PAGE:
BLS Injury and Illness Report Raises Workplace Safety Concerns

Author: David B. Weisenfeld, XpertHR Legal Editor

November 19, 2019

The number of nonfatal workplace injuries and illnesses remained the same from 2017 to 2018, marking the first time the rate failed to decline since 2012, according to new data from the US Bureau of Labor Statistics (BLS). The BLS estimated there were 2.8 million work-related injuries and illnesses affecting private employers, including about 900,000 that caused an employee to miss at least one day of work.

The findings were part of the BLS annual Survey of Occupational Injuries and Illnesses. One of the more notable revelations was that the number and rate of nonfatal injuries among retail trade employers increased in 2018, with the number of cases increasing 4 percent to 409,000 cases and the incidence rate increasing 0.2 percentage points from 3.3 to 3.5 cases per 100 full-time equivalent workers. But when measuring only cases involving days missed from work in retail trade, incidents involving falls, slips or trips rose by a much greater rate, 11 percent, from 2017.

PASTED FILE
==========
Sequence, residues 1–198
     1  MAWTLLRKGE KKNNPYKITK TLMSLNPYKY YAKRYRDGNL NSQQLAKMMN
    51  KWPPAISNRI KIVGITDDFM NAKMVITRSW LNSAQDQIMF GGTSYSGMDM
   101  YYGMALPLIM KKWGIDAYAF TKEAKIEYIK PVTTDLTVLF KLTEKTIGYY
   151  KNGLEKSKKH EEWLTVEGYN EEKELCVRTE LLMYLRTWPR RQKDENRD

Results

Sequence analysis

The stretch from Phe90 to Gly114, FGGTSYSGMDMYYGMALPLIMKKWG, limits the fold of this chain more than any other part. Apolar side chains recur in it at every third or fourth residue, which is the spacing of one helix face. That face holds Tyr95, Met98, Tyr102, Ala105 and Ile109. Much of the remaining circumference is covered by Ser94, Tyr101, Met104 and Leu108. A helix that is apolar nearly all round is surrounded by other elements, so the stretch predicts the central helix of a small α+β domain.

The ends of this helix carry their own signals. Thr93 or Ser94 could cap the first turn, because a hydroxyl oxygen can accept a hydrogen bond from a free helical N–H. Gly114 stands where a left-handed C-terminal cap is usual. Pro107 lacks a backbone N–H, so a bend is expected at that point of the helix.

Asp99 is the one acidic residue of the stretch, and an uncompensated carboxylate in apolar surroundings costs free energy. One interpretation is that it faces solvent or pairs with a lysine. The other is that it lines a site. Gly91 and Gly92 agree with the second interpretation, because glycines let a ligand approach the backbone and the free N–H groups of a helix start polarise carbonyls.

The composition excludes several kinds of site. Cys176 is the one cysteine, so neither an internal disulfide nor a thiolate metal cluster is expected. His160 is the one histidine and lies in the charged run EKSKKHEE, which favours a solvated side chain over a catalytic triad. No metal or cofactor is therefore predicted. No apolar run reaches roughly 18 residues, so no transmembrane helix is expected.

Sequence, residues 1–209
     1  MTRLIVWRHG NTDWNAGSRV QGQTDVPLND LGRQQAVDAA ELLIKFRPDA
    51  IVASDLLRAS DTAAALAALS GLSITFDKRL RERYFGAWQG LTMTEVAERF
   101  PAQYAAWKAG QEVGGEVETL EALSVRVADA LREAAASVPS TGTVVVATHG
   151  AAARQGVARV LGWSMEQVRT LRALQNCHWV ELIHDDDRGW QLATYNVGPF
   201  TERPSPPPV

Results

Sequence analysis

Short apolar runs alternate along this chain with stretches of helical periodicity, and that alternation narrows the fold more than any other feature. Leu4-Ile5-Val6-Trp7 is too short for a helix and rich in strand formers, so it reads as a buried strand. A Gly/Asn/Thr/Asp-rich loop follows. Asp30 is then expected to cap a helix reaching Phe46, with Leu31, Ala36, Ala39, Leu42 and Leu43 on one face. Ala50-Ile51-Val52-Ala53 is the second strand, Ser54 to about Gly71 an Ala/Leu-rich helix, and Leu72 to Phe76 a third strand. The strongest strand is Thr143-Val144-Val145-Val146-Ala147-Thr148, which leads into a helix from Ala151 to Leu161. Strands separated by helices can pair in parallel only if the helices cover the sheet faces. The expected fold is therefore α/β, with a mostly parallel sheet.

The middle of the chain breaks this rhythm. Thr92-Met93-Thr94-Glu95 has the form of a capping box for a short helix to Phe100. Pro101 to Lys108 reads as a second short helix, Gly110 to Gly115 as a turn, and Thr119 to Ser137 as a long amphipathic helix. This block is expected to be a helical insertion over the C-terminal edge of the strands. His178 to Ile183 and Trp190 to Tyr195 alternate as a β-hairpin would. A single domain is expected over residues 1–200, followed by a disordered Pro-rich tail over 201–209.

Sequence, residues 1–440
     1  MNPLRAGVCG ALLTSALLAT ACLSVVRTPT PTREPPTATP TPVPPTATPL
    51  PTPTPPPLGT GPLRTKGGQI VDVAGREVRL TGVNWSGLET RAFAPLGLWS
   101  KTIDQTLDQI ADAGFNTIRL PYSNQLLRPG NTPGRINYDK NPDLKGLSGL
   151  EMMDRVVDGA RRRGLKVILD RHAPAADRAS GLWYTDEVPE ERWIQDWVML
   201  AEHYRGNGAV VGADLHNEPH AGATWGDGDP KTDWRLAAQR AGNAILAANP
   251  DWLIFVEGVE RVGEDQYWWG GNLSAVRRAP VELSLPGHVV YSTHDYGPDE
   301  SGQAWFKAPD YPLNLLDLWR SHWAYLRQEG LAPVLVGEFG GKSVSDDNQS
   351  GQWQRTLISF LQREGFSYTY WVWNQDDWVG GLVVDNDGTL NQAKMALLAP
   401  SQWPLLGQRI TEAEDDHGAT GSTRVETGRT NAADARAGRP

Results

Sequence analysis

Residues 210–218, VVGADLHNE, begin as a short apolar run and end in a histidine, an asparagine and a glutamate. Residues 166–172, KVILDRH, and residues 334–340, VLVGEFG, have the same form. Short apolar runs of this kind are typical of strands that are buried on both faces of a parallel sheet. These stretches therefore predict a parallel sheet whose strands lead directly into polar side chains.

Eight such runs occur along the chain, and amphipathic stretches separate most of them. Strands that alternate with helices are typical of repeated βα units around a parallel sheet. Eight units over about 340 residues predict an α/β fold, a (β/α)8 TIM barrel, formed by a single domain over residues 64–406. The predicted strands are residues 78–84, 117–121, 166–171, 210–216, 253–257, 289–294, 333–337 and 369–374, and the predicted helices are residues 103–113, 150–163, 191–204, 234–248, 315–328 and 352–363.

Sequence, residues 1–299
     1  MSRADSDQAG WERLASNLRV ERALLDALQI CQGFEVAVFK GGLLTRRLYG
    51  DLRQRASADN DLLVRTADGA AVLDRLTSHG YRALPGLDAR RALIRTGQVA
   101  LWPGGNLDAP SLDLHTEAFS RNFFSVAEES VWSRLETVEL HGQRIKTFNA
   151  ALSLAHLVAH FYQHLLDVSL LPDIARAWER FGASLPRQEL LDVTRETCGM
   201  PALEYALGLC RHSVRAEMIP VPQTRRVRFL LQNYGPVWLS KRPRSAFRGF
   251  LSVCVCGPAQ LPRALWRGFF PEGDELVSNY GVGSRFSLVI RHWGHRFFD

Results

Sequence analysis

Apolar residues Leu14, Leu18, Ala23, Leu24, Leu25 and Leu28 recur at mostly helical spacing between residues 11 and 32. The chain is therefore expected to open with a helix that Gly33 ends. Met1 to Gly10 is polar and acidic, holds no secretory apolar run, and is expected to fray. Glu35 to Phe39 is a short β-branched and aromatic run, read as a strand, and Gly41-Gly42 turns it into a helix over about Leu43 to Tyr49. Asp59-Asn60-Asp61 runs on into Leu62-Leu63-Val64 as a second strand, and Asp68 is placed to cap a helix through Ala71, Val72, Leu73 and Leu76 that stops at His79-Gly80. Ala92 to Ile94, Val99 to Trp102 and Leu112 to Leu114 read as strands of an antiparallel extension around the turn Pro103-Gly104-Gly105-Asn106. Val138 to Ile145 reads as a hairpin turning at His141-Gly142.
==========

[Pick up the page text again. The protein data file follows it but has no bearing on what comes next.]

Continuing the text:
Some other occupations that had modest increases in their injury and illness rates in the BLS survey included:

  • Agriculture;
  • Manufacturing;
  • Transportation and warehousing.

Most other jobs had injury and illness rates that were largely unchanged from 2017 or had slightly fewer incidents than the previous year. But overall, nearly 334,000 cases resulted in a visit to a medical facility such as an emergency room or in-patient hospital.

In a statement, the American Society of Safety Professionals (ASSP) expressed disappointment with the results. "Stagnant injury rates are unacceptable and a clear call to employers nationwide to take a harder look at their approach to workplace safety and health," said ASSP President Diana Stegall. "Incidents that harm workers are occurring far too often in every industry."

The organization represents more than 39,000 occupational safety and health professionals worldwide.